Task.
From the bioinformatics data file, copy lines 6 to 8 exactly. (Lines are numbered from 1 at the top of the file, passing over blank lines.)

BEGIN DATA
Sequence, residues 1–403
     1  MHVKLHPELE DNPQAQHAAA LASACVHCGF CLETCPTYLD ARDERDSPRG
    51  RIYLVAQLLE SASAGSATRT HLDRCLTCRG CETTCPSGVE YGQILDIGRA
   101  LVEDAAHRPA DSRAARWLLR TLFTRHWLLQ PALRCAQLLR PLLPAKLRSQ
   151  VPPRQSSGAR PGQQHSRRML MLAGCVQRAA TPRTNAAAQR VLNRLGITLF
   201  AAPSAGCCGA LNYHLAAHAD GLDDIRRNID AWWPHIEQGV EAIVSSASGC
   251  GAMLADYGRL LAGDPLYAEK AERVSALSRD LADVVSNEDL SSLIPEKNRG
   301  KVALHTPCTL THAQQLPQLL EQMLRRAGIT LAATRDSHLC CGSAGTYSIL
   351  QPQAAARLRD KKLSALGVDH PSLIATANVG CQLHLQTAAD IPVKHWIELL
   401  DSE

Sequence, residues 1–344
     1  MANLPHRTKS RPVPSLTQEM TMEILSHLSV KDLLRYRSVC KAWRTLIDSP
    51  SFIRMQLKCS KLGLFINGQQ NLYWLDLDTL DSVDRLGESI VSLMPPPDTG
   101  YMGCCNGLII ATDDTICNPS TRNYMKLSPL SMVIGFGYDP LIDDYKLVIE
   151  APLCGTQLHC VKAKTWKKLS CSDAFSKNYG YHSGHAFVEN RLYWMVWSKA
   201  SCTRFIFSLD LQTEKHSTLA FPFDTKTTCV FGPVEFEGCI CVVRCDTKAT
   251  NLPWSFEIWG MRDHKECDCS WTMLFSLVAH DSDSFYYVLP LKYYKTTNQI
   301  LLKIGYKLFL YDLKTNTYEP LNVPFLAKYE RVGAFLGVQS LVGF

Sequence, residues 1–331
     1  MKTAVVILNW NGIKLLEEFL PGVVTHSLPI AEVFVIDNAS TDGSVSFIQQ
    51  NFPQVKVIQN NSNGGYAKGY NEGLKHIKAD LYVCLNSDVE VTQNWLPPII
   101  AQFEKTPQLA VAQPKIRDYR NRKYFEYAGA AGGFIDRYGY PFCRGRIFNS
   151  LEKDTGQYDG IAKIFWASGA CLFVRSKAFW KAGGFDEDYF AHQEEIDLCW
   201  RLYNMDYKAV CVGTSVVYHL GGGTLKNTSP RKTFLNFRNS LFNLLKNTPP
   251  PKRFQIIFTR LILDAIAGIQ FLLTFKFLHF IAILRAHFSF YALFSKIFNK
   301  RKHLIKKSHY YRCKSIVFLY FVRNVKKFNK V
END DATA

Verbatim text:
   201  AAPSAGCCGA LNYHLAAHAD GLDDIRRNID AWWPHIEQGV EAIVSSASGC
   251  GAMLADYGRL LAGDPLYAEK AERVSALSRD LADVVSNEDL SSLIPEKNRG
   301  KVALHTPCTL THAQQLPQLL EQMLRRAGIT LAATRDSHLC CGSAGTYSIL